Originally three were credited to Dennis Wideman with an assist on the fourth goal, but it was reviewed at Wideman's request on Saturday and the hat trick was taken away. But for a night at least, Wideman had the first hat trick by a Capitals defenseman in more than a decade (Sergei Gonchar in 2000).
But more immediately, there is hope that the Capitals might have found some hope for the man-up. Of course, the opposite side of the coin is that it came against the Leafs.
There is no doubt that the PK continues to be the Achilles' heel for Toronto. After Friday's awful showing, the Leafs are above only the Blue Jackets in successful PKs at 74.3 percent.
When it was announced that the Dallas Stars would be without Kari Lehtonen for some time due to injury, Stars fans were right to be worried at the process of Andrew Raycroft getting more time. Not a reason for much optimism.
With the win, he likely earned himself a start for the Stars' next game Tuesday at the Rangers.
"He's a competitive guy, and he's pretty clean when it comes to rebounds," said coach Glen Gulutzan, who coached the former Colorado College goalie in the minors last season. "I just told him when he went out there, `It's the same game that you've been playing.' He has that ability, and he's going through the natural progression. He deserves another start, and most likely we'll give him that opportunity and see if he can run with it."
The two points put the Stars back on top of the Pacific Division, which has been surprising this season, and not so much in a good way. The Stars and Coyotes are tied atop the division, but they are each 10 points behind the top team in the West, the Wild. If the division winners weren't awarded the one of the top three seeds, the Stars would be the sixth seed.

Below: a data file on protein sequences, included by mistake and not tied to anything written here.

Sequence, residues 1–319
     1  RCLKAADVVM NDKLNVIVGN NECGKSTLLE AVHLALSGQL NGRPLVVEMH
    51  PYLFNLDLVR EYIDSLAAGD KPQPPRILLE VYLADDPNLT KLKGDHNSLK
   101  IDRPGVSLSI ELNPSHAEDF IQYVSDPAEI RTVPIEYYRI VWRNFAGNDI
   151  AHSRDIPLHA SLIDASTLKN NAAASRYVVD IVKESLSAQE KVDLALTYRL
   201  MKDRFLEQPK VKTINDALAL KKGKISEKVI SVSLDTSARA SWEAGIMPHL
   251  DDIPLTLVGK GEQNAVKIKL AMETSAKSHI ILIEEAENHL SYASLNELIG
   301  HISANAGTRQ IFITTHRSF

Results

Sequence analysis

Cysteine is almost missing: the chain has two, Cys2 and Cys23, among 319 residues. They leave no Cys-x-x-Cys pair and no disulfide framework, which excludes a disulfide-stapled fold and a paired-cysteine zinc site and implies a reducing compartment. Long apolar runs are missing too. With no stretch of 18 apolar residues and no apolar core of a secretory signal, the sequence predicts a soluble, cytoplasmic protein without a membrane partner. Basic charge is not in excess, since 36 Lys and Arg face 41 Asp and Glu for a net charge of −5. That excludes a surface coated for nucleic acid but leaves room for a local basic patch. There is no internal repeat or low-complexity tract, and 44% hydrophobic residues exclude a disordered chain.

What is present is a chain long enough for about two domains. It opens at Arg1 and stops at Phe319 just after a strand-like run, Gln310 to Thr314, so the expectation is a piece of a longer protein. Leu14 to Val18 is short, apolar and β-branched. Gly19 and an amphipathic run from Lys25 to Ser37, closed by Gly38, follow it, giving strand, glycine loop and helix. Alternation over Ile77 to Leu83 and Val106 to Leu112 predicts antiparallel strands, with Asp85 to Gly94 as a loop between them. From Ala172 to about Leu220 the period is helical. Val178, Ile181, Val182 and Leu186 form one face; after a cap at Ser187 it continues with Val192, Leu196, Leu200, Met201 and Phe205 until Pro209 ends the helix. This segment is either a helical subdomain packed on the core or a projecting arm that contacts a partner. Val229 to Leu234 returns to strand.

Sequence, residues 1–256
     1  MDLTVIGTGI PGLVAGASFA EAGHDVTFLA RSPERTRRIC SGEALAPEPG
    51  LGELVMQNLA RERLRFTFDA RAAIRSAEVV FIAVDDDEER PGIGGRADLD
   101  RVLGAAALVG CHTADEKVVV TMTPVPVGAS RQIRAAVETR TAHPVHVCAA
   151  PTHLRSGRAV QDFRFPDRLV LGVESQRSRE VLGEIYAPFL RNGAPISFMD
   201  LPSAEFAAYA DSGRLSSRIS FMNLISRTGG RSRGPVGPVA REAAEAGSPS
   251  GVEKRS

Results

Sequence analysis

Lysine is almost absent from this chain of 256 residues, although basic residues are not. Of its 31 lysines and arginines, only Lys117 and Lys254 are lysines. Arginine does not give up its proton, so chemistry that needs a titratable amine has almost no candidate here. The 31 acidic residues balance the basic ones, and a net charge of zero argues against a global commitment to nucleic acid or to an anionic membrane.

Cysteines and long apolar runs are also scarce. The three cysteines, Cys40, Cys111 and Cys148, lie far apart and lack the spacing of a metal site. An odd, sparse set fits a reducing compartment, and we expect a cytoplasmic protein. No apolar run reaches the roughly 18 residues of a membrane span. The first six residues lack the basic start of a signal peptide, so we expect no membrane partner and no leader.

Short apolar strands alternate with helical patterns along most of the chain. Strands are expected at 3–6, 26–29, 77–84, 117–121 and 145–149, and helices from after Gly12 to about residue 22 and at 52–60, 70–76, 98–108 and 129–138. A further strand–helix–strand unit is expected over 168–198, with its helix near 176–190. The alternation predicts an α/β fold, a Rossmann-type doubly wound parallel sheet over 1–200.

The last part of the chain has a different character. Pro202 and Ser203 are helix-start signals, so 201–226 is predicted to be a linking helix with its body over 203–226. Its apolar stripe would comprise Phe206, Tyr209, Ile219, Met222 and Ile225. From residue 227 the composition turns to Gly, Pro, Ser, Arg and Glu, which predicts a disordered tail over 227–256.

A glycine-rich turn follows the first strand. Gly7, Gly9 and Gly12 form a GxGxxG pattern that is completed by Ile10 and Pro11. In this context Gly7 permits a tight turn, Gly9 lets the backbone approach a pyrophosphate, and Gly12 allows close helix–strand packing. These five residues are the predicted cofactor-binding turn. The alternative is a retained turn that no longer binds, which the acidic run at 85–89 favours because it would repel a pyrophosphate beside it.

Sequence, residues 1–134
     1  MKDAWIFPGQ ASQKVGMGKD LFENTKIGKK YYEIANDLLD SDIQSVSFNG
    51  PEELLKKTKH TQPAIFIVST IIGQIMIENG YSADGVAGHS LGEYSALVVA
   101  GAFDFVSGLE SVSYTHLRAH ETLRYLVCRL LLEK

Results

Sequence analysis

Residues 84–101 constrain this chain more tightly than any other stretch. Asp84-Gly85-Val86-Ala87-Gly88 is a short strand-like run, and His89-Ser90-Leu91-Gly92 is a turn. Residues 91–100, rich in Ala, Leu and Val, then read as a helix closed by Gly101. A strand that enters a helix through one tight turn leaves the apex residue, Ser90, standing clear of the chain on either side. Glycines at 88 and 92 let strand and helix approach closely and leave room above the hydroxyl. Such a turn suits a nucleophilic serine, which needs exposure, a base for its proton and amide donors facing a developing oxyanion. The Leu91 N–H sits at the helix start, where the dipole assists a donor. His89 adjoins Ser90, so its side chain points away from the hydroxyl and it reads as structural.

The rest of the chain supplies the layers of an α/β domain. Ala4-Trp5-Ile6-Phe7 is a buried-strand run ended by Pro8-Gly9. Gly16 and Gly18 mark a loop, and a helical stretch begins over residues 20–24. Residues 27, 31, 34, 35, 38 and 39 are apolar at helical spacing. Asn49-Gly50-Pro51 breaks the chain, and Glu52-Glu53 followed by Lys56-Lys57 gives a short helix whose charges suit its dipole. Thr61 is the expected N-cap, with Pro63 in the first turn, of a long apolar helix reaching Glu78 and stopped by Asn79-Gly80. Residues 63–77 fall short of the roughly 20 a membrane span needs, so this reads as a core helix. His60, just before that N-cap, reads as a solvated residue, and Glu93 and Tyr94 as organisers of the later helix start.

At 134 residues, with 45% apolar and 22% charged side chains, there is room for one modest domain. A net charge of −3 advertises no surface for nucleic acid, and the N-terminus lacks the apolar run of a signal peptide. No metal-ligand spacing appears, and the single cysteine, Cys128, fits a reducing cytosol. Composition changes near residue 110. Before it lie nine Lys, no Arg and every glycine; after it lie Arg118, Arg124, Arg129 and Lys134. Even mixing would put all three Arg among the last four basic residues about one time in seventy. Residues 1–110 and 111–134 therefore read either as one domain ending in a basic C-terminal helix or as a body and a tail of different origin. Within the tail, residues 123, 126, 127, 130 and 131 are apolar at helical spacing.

On the other bench ...
What's going on with the L.A. Kings? I'll tell you one thing, Terry Murray can't be feeling very comfortable with his job these days.
There was so much hope coming into this season for the Kings. They had been growing every season, they added Mike Richards. It appeared the Kings were on their way to their best season since the days of Gretzky.
They still could be, but they'll have to right the ship in a hurry. Would you believe that there is no team in the NHL worse at scoring goals than Los Angeles? Its 2.21 goals per game ranks at the bottom of the NHL< including below the Ducks in nearby Anaheim. Nothing like low-scoring games to sell hockey in SoCal.
When your cross-town rival makes a move firing its coach and you are being booed off the ice, it's time to wonder if the end is in sight for Murray.
The Wings are good
Just in case you missed that memo.
I was getting ready to start talking about the Winnipeg Jets and how they were extremely quietly inching their way up the Eastern Conference. Then they went to Detroit and were railroaded.
The Red Wings had seven goals from six different scorers -- and none of them was Pavel Datsyuk. It was Detroit's ninth straight win at home where they are 12-2-1 this season. Those are the most wins at home for any team this season.
Some things never change.
What is it about the Battle of Alberta that the Oilers are having so many problems with?
Half of the season's six games have been played between the Oilers and Calgary Flames this season, and the boys from Edmonton have yet to pick up a single point. Against the rest of the NHL, the Oilers are 14-10-3.
The most recent rendition of the provincial rivalry saw Jarome Iginla flash some of his old form with a pair of goals and the Flames took the game 3-0.
Most everybody would agree that the Oilers are likely the better team between the two, but they just can't beat their neighbors. I guess that's why they play the game (well that and winning, right Herm?).
Quote of the weekend
If I were to take a poll of NHL fans who have the Center Ice package which announcer is the biggest homer around? I think it would be a two-horse race between Paul Steigerwald in Pittsburgh and Bruins play-by-play announcer Jack Edwards.